I personally opted for a low dose BCP because I wasn't sure how I'd react to it and whether it'd worsen my POTS. At the time, I really wanted to try an SSRI, but I heard that there was an adjustment period and didn't want to deal with this while working. I actually didn't have any side effects when starting the birth control the first time around, but I am having some now after stopping and re-starting. The beneficial effects were so gradual and mild that I didn't even realize them until I had stopped taking the pill. I do think every little bit helps.

You may also want to do a search on this topic, as it seems to come up a lot.

-Rita

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Hey,

I have been on birth control since the birth of my son two and a half years ago. I have not felt an improvement in my POTS. POTS started for me when I was pregnant. If anything, it has gotten worse. Whether or not that has anything to do with birth control.....I don't know. But it definitely did not help.

Bri

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Okay, here goes!

I hope I can help you out a little, although I really can't answer your questions for certain...remember I just love this stuff, but need a lot of brushing up! :)

As for breast cancer risk, I wasn't sure about that one. You can read the article lthomas sited and double check with your doctor. For the most part, the pill actually lowers our risk for other cancers, particularly endometrial and ovarian, by a HUGE percentage depending on how many years you take the pill. Each time we ovulate, researchers believe that can trigger cell changes that can lead to cancer. So, no ovulation, less cancer risk. (Years ago, women spent many more years of their lives pregnant than we do now, so in a sense avoided as many possibilities for cell changes from ovulation).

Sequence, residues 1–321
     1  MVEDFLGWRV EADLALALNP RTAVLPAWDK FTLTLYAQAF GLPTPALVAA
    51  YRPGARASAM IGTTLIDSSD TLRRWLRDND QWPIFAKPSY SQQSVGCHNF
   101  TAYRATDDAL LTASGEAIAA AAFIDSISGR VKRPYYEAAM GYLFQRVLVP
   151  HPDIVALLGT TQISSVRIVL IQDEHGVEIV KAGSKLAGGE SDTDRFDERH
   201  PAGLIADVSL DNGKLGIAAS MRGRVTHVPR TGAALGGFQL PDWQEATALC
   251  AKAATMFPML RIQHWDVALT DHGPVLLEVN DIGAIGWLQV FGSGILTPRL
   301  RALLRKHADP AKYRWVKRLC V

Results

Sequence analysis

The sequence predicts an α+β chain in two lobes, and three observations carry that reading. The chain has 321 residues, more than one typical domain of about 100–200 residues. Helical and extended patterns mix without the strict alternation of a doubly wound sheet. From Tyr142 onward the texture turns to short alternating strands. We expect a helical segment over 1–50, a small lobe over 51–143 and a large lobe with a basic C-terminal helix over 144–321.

Basically with the pill you are just simulating pregnancy. So, it would be great if it would help you to feel better! I know that I cannot be without it. I actually supress completely and you may have read that having a period in December knocked me for a loop.

I would agree with Rita about the risk of blood clots--they increase with age and smoking. Also, higher dose pills. For instance, you might remember how revolutionary the patch seemed and how excited folks were about it. Then, they realized it had higher incidences of strokes and blood clots than other pills b/c it was releasing more hormones into the body than they had previously understood it to be. However, they still told women that if it meant they would comply with that method over another, the risk might be worth it if they did not want to get pregnant! So, even though the risk was higher, the risk is still very small. Some people are more prone to clots and it would be impossible to know if we'd be one of the unlucky ones I guess. But, as for risk factors...you are young and don't smoke.

I worry, like you do, about blood clots. For some reason I am terrified of them in an absolutely unrealistic sense. But, the reality is that they are very rare. I think the lower dose pill you take, the lower your risk. How much lower, I don't know. You said you don't walk 'much'--but do you get up to go to the bathroom a few times a day? Or get up to get a bite to eat? Draw the alphabet with your legs while lying in bed? I am a bit obsessive about doing a bit of these in-bed exercises as much as possible. You're not lying totally still and not moving AT all. This is a legitimate concern though and our inactivity could increase our risk, so it may be worth getting some reassurance from your doc.

For me, I don't see another option, so I take the risk. And my doctors--gyn and ANS doc--do not seem concerned.